The genius of Leo McCarey at Locarno71
The “father of Laurel & Hardy” will be at the center of the major Retrospective tribute paid by Locarno71 to the director, screenwriter and triple Oscar winner Leo McCarey (1898 – 1969).
McCarey worked with producer Hal Roach and together they made a vital contribution to the golden age of American silent comedy, launching the successful careers of Charley Chase and Max Davidson, as well as the unforgettable duo of Laurel & Hardy. Later McCarey was instrumental in creating the inimitable star persona of Cary Grant in The Awful Truth (1937) and was also picked by the Marx Brothers to direct their masterpiece Duck Soup (1933).
In the late Thirties and post-war period, McCarey turned increasingly to drama, in movies that ranged in scope from romantic comedy to the religious life. In the latter part of his career McCarey worked with stars of the caliber of Ingrid Bergman and Paul Newman, Bing Crosby and Deborah Kerr, as well as rejoining forces with Cary Grant in such memorable pictures as Good Sam (1948) and An Affair to Remember (1957). For Carlo Chatrian, this Retrospective will also be “...a tribute to a period of our own childhood which we all lived through, but perhaps have sometimes since forgotten: laughing with Laurel & Hardy does not just offer the sweet taste of nostalgia, but will also remind us of the visionary and beneficial power that comedy has always possessed.”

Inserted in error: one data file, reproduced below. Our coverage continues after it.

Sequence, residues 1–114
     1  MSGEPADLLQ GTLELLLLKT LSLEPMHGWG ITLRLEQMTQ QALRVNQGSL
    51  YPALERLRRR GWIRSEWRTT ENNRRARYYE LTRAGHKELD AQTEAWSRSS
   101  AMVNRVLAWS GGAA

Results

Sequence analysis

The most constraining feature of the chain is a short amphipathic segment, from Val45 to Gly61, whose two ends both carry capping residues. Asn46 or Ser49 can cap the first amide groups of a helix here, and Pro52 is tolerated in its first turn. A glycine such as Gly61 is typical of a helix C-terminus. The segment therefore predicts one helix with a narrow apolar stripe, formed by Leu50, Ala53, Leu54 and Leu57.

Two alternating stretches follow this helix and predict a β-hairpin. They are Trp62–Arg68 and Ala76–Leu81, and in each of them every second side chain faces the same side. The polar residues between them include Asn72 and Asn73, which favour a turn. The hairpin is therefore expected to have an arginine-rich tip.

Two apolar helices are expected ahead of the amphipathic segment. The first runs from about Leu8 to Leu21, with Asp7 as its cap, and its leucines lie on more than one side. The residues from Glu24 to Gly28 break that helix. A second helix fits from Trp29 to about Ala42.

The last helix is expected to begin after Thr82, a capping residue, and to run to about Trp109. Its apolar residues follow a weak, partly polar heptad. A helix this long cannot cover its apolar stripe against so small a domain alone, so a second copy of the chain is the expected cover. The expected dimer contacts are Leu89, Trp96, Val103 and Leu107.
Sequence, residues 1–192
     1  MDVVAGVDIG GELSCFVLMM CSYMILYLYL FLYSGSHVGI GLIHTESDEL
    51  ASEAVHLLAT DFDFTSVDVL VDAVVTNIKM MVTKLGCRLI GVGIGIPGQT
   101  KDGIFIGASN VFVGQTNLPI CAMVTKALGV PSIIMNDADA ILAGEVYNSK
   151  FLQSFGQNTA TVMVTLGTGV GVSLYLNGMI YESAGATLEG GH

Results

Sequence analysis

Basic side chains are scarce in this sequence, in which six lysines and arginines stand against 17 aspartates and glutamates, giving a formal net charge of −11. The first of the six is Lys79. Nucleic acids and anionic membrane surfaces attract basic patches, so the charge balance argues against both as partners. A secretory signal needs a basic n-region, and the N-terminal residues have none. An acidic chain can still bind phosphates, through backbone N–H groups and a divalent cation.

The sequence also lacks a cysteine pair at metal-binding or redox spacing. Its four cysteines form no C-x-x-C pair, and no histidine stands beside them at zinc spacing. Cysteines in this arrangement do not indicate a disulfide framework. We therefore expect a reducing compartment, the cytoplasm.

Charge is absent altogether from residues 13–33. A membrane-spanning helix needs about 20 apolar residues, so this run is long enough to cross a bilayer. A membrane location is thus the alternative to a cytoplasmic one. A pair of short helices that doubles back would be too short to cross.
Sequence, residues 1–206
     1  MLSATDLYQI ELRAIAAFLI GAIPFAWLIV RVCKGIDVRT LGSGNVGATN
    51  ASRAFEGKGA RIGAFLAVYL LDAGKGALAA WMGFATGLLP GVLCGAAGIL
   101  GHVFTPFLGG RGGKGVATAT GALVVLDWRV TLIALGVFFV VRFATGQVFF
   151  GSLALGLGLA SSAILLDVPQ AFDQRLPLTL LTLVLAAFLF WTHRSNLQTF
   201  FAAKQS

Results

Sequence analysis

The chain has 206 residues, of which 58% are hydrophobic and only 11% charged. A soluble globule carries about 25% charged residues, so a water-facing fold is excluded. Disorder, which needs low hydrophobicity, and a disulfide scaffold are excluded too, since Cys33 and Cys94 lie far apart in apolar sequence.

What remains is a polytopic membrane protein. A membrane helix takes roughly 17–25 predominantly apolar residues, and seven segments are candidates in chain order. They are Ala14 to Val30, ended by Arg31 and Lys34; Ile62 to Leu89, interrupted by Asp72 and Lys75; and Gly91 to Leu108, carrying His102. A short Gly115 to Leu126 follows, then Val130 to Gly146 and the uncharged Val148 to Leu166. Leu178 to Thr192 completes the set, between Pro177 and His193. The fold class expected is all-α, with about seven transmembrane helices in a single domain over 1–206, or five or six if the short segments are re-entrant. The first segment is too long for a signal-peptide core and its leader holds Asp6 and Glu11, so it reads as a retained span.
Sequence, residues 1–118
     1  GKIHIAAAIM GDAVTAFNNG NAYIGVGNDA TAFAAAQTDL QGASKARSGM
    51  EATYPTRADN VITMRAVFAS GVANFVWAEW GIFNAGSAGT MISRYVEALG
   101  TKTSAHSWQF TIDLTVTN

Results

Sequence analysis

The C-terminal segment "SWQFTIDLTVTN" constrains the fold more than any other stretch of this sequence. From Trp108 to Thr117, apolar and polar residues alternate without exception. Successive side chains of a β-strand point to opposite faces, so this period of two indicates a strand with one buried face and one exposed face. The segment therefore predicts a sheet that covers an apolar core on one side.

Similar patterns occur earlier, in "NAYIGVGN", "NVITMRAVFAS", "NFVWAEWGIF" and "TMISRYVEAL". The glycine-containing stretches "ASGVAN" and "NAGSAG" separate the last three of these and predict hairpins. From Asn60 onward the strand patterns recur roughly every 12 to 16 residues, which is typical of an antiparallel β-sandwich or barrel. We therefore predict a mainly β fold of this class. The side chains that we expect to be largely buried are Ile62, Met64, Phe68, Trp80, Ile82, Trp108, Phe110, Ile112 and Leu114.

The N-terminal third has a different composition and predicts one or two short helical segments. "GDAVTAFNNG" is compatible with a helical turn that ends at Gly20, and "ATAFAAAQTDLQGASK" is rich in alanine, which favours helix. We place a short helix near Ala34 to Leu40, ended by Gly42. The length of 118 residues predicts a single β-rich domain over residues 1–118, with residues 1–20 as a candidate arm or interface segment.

Curated by Roberto Turigliatto, the Retrospective will be organized in partnership with the Cinémathèque suisse and the Cinémathèque française, with additional input from the Pordenone Silent Film Festival. It will be accompanied by a volume in English and French to be published by Capricci.
After the Locarno Festival the project will also travel to other major institutions in Switzerland and worldwide, including, on the domestic circuit, the Cinémathèque suisse, Filmpodium in Zurich, Kino REX in Berne and Les Cinémas du Grütli in Geneva; in Italy, the National Cinema Museum in Turin and the I Milleocchi Festival in Trieste; lastly, in France, the Cinémathèque française.